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Table 1: Summary of definitions.

Source: Data extracted from reports included in this concept analysis.

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Table 2: Key attributes of cognitive vitality.

Source: Data extracted from reports included in this concept analysis

A review of gerontology evidence by [16] demonstrated that the importance of lifestyle choices in protecting cognitive vitality [16] found diet rich in E vitamins and mental exercise, such as that keeps the mind active exert a protective effect on cognitive vitality. In the same vein, to promote cognitive vitality, various resources advocate for a lifestyle that sustains healthy functionality of the body systems, including cardiopulmonary, musculoskeletal, sense organs, psychological, mental functions [42], and healthy eating, such as a Mediterranean diet [17,18,22].

Empirical Referents

Empirical referents are measurable domains or categories of actual phenomena that by their existence or presence indicate the occurrence of the concept itself [1]. The concept of cognitive vitality has empirical referents related to cognitive functions, including processing speed, working memory, inductive reasoning, everyday problem solving, visual-spatial processing, and divergent thinking [12,39]. Other empirical referents related cognitive functions are that of memory performance, ability of correctly identifying information in familiar everyday stimuli, and information processing focused on the speed with which a person can identify specific information (e.g. telephone numbers, names of items in an overcrowded grocery store and counting specified amounts of change) [28,40]. The American Bar Association Commission on Law and Aging (ABACLA) and American Psychological Association (APA) [43] have embraced the preceding referents, and proposed dimensions related to: attention, specifically concentration on a stimulus over brief time periods; three types of memory, working memory, recent memory and learning and long-term memory that consists of remembering information from the past; language abilities comprised of expressing one’s self in words and writing, expressing one’s preferences, and understanding written, spoken, and visual language; maintenance of mathematics skills; abilities to have insight.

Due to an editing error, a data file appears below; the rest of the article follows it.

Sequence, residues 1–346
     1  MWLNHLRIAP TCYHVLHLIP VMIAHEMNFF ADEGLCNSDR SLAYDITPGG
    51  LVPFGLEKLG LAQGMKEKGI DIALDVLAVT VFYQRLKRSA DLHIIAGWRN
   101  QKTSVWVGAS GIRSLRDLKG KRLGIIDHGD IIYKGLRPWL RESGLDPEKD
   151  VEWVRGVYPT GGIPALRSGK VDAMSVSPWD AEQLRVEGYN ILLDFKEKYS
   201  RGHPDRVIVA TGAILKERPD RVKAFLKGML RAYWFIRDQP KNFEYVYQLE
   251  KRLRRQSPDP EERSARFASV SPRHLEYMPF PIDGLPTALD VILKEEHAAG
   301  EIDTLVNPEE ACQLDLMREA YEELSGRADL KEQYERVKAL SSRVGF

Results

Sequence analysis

As for reasoning, the ABACLA and APA [43] proposed pragmatic ways of assessment, which consists of exercising logical reasoning about outcomes and comparing two choices, along with visual-spatial reasoning which involves perception and visual problem-solving. Similarly, executive functions of a person with cognitive vitality preserve abilities to make plans and logic judgement and to inhibit inappropriate responses [43]. In addition, there are numerous empirical referents of the vitality component of this concept. Within the aging population experiencing dementia, variables of vitality include waking pattern, communication, feeding, getting on and off the toilet, rehabilitation and other activities [29,44]. These variables interact with subjective cognitive dimensions, such as confidence in and feeling control over cognitive abilities, subjective memory functioning, and attention in daily life [39].